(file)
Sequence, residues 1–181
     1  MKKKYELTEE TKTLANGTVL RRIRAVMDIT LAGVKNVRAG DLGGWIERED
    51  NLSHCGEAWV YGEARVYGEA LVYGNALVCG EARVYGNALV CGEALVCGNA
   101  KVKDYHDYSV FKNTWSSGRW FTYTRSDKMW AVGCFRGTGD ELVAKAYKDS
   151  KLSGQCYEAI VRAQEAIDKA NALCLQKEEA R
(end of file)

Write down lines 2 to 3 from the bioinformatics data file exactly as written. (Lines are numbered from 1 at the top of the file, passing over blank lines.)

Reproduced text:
     1  MKKKYELTEE TKTLANGTVL RRIRAVMDIT LAGVKNVRAG DLGGWIERED
    51  NLSHCGEAWV YGEARVYGEA LVYGNALVCG EARVYGNALV CGEALVCGNA